eventually completed in the early 1950s. I'm afraid my thoughts when I
first saw it was that it looks more like a hospital building than a cathedral,
but then it is supposed to be modern, not traditional. The original "Omen"
film used Guildford Cathedral to film the church scenes in the film's climax.
The golden weather vane the filmmakers constructed especially for the film
proved so popular with the congregation they asked the producers to leave
it there after shooting was completed!
Although the town centre
is a lively, busy place Guildford's history is clearly evident. High Street
has a very steep slope, so walking up it can be a bit tiring - even for
a very fit person! The street is cobbled, the surface bubbled with worn
ATM machines and banks line
High Street, together with an eclectic selection of some of Europe's most
well known commercial businesses and department stores. There are also
many small alleyways branching off from High Street, and walking down them
is an interesting experience. There are small shops with wonderfully decorated
windows, and dress shops mingle with cafés, shoe shops, jewellery
and herbal stores
A modern shopping complex
called The Friary is located at the bottom of High Street. Architecturally
it blends well with the older buildings, so that the vast amount of glass
used in the roof and windows to give shoppers a feeling of "openness" is
not glaringly obvious. Twice a week a market full of books, fresh flowers,
fruit and vegetables trades in the open air in front of several associated
shops, including a bakery and butchery. There's also a big farming community
in Surrey, so Guildford is a market town, and on the first Tuesday of every
month the farmers' market is open to the public.
|There are many different
nightclubs, pubs and restaurants in Guildford. I've been to several pubs
in and around Guildford, and my favourite is "The White Lyon", which serves
real ale - beer brewed using natural ingredients. I'm not a beer drinker,
apart from a slight affection for Guinness, but I do enjoy traditional
pub lunches. My favourite is "bangers and mash", which is sausages and
mashed potato covered with gravy. My friend Helen lives opposite the Woodridge
Road cricket ground - fortunately she likes cricket, so the occasional
shouts of "Howzat!" and the crack of the cricket ball meeting the willow
bat doesn't bother her. Surrey's Country Cricket club is the venue for
several matches every season between Surrey's different cricket clubs -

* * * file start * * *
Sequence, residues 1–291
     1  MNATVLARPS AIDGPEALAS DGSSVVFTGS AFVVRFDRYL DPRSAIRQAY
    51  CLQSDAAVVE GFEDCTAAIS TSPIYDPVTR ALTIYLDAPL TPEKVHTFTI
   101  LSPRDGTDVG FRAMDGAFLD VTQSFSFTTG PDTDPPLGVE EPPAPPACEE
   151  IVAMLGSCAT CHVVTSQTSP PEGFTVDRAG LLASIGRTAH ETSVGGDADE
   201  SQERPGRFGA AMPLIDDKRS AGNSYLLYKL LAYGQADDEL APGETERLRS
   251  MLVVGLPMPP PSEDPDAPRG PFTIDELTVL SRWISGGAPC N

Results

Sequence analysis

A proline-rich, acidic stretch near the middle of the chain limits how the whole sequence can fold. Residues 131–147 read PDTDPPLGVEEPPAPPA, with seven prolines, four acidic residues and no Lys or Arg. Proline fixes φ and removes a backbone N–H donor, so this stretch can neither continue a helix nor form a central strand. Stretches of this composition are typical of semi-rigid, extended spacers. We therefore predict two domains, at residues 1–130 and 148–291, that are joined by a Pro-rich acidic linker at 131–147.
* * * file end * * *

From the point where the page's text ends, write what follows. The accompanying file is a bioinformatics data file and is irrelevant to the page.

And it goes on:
cricket is a popular sport in England!
Another famous historical
property is Sutton Place, which was once the home of the billionaire John
Paul Getty. The house has had many famous owners since it was built in
the early 16th century. I remember reading Dinah Lampitt's wonderful series
of books about the characters with connections to this place, including
Henry VIII's wives Jane Seymour and Ann Boleyn - they are excellent books.
Sutton Place contains an
ornamental pomegranate that was once owned by another of Henry's wives,
Catherine of Aragon, as well as the bloodstained ruff of Saint Thomas More.
He was the man who first wrote about Utopia, and he was beheaded by Henry
when he refused to accept the King's claim to be the head of the Church
Just outside Guildford lies
Clandon Park estate. At the centre of the park is a magnificent house,
home to the Onslow family since it was built in 1730. The estate includes
one of the quaintest villages I've ever seen. Clandon Village's stone houses
are linked by narrow winding roads, fringed with graceful, gently swaying
trees. A variety of pheasant, rabbit, foxes and deer live on the grounds.
When I was there in January 2007 I bought some delicious bacon and ham
produced on the farm. Pork is not available in Turkey, so this was a great
treat for us! And still is... when I got back to Izmir I packed and froze
the bacon and ham. It's our treat for weekend breakfasts, and it is probably
the best bacon I have ever eaten.
I find it incredible that
Guildford has managed to retain so much of its charm in a world that sometimes
doesn't take the time to appreciate heritage, and the history behind so
many of our places. Every time I return to Guildford I learn something
new, and yet the town doesn't seem to change. I feel like I'm visiting
an old, treasured place when I go to Guildford. It's a town that is growing,
but so far it has managed to handle its expansion without compromising
its history. That's not an easy thing to do, and I for one hope this trend
/ Featured self-catering in Surrey
About the Author -
The writer was born in Africa, and lived there for the first 38 years of
her life. She worked in the world of public relations for over five years,
running her own PR company and dealing extensively with the world of journalism
and the print media. She is an author on http://www.Writing.Com/, Writers.